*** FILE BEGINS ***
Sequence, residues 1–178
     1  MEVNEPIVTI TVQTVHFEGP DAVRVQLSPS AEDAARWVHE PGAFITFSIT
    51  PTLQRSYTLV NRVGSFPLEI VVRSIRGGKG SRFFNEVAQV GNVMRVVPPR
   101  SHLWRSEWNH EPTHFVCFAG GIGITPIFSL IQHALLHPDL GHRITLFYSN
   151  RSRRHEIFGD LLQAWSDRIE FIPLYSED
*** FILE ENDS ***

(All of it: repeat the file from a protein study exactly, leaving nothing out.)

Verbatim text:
Sequence, residues 1–178
     1  MEVNEPIVTI TVQTVHFEGP DAVRVQLSPS AEDAARWVHE PGAFITFSIT
    51  PTLQRSYTLV NRVGSFPLEI VVRSIRGGKG SRFFNEVAQV GNVMRVVPPR
   101  SHLWRSEWNH EPTHFVCFAG GIGITPIFSL IQHALLHPDL GHRITLFYSN
   151  RSRRHEIFGD LLQAWSDRIE FIPLYSED